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Classical 101

Kitschy Candelabras: Laugh with Some of the Greatest Musician-Comedians of All Time

Liberace with candelabras
Allan Warren
Wikimedia Commons
The irrepressible Liberace with his candelabras in 1973

As the saying goes, laugh and the world laughs with you; cry and you cry alone.

And — hello? — who wants to cry alone?

That’s why The American Sound this week pays tribute to one of the all-time great musician-comedians — the jewel-encrusted piano virtuoso Liberace — with the fun, funky “Candelabra Rhumba” from Le Tombeau de Liberace by the witty Michael Daugherty. Tune in to Classical 101 at 6 p.m. Saturday and 7 p.m. Tuesday for this and other works that will put you in good humor.

Liberace occupies a distinguished place in the venerable tradition of classical musician-hams that extends to the present day. Equal parts cut-up and virtuoso, Liberace was at his best when tickling the ivories played second-fiddle to his hilarious histrionics and, in later years, to his outrageously blingy concert wear.

He often performed on television and in live concerts with a candelabra on one corner of his grand piano — an over-the-top reference to the opulent classical music tradition in which Liberace was trained and from whose collars his pianistic horseplay removed the starch.

Liberace's kitschy candelabra was such a trademark for him that it became a laugh line in one of comedian Jack Benny's now famous gags, first unleashed on a 1954 episode of The Jack Benny Program. By 1954, Benny, a veteran comedian and an amateur violinist who made people laugh by playing worse than he actually could, regularly played the violin in his deadpan comedy routines.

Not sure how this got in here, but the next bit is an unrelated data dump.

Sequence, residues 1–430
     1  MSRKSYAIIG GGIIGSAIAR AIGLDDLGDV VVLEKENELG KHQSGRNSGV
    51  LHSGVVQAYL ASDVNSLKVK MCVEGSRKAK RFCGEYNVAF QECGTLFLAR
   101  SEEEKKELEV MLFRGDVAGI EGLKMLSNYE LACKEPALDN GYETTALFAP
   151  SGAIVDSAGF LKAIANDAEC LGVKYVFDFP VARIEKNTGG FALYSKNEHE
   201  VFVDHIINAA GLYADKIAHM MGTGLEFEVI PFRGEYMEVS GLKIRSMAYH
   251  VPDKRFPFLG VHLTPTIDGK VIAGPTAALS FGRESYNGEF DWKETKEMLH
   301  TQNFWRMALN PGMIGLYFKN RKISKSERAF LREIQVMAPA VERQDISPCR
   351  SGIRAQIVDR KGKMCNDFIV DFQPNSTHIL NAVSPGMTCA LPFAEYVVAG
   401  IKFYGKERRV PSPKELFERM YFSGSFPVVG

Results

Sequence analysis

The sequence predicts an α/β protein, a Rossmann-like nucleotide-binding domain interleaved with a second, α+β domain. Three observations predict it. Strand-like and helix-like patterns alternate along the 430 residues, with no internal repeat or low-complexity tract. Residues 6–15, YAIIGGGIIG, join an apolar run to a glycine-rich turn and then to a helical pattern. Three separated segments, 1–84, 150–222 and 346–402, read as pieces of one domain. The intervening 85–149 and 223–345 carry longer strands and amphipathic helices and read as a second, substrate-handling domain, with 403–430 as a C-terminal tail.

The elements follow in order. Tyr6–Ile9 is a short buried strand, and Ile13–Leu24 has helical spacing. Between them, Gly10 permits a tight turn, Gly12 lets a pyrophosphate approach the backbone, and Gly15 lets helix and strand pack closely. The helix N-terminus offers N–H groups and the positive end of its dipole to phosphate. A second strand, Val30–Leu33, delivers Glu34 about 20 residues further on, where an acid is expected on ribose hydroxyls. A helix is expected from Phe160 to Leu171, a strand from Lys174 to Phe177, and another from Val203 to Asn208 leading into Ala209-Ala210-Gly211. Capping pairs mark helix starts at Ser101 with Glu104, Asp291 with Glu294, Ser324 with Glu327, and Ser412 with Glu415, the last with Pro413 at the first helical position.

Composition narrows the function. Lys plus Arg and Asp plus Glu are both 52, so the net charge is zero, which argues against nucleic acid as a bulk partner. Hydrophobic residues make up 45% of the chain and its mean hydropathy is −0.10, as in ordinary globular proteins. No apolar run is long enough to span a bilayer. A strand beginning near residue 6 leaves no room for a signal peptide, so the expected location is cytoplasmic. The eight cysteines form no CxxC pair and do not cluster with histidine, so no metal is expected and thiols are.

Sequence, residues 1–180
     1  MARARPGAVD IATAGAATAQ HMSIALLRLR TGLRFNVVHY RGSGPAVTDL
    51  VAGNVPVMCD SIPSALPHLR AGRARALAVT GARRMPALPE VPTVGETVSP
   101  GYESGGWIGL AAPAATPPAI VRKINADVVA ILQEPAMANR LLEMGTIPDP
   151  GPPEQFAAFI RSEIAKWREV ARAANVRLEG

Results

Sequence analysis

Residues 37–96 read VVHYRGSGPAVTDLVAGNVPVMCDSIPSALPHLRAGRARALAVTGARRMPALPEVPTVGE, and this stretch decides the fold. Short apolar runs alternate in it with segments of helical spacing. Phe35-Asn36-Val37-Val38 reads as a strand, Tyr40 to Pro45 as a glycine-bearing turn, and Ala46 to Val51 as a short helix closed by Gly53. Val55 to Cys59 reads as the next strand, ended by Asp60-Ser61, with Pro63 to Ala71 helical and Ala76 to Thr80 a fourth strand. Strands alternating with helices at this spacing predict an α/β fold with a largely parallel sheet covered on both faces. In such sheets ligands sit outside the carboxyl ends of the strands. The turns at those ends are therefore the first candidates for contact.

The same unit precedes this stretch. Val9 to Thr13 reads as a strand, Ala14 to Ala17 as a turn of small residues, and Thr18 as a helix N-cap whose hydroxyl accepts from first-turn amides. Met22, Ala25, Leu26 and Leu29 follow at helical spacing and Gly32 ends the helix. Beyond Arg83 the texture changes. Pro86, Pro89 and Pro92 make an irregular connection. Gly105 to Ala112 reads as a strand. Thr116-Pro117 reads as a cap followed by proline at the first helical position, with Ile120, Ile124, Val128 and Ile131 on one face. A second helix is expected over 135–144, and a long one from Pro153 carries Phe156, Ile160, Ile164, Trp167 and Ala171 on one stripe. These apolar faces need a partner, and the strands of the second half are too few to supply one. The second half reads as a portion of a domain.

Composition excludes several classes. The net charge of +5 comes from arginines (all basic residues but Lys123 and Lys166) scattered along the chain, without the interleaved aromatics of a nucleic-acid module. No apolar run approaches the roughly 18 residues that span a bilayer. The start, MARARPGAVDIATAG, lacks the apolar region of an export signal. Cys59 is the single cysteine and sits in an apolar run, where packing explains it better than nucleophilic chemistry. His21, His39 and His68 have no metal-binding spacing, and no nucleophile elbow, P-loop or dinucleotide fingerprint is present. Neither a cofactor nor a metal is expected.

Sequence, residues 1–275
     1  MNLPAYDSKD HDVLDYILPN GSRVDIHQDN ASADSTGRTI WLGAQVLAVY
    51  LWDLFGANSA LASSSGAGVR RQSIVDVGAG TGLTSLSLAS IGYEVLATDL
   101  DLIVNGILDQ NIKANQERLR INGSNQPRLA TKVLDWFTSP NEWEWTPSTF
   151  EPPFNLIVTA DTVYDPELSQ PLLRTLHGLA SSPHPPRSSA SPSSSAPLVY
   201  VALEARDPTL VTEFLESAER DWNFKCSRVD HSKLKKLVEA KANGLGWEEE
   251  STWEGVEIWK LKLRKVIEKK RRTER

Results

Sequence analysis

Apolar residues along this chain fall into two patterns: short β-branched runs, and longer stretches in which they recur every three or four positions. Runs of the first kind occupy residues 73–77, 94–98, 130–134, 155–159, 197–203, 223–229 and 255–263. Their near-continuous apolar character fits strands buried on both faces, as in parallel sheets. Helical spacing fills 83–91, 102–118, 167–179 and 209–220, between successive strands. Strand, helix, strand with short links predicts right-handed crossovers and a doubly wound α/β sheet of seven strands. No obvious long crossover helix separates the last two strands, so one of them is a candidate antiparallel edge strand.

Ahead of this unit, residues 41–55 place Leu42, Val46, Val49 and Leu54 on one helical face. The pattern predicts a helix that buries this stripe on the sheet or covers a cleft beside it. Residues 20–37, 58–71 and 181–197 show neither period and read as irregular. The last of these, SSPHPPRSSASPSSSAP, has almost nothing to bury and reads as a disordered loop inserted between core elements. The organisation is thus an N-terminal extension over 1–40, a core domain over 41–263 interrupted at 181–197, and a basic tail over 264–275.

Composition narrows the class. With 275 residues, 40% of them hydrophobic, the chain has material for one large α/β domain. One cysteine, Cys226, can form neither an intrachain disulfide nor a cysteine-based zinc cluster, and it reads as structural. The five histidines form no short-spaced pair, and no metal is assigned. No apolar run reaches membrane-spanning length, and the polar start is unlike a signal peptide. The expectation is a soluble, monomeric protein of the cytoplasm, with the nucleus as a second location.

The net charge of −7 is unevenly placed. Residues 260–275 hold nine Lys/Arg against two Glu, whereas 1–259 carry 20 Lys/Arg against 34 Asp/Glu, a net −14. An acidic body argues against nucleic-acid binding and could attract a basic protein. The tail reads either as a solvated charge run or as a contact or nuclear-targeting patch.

black-and-white screenshot of Liberace in tuxedo standing at grand piano on which sits his candelabra
Credit CBS / YouTube
Liberace on a 1954 episode of The Jack Benny Program

Give yourself the gift of laughter and watch this video clip (beginning at 21:38 into the episode), which shows Liberace and Jack Benny — two comedy legends — together in their prime.

As a bit of a footnote, after rhinestones and sequins became regular features of Liberace's signature concert attire, the prim and proper Jack Benny made a guest appearance on a 1969 episode of The Liberace Show. Here's what happened:


Liberace unwittingly set the stage for the later pianist-comedian Victor Borge — the self-described Clown Prince of Classical Music — whose shtick lampooning the great classical composers took no prisoners:


The present-day comedy duo of violinist Aleksey Igudesman and Hynug-ki Joo have claimed a place in Borge’s lineage by christening themselves the Clown Princes of Classical Music. They’ve updated Borge’s act with a repertoire of outrageous classical music gags inspired by a global mix of Asian, Jewish, European and distinctly American influences.

This clip from their musical comedy sketch “A Little Nightmare Music” says it all:


… which brings us back to the violin-piano duo of Jack Benny and Liberace.

So, why all this clowning around? Well, because it’s fun. And because it feels good to laugh. And because laughter breaks down walls among us. And, as I have posited in an earlier post about humor in music, the future of classical music in general may well rest on performers’ ability to crack us up a little.

And that's no joke!

Put on your sequined tux, grab your candelabra and join me for the "Candelabra Rhumba" from Michael Daugherty’s Le Tombeau de Liberace on The American Sound, 6 p.m. Saturday and 7 p.m. Tuesday on Classical 101.

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Jennifer Hambrick unites her extensive backgrounds in the arts and media and her deep roots in Columbus to bring inspiring music to central Ohio as Classical 101’s midday host. Jennifer performed with the Chicago Symphony Orchestra and the Civic Orchestra of Chicago before earning a Ph.D. in musicology from the University of North Carolina at Chapel Hill.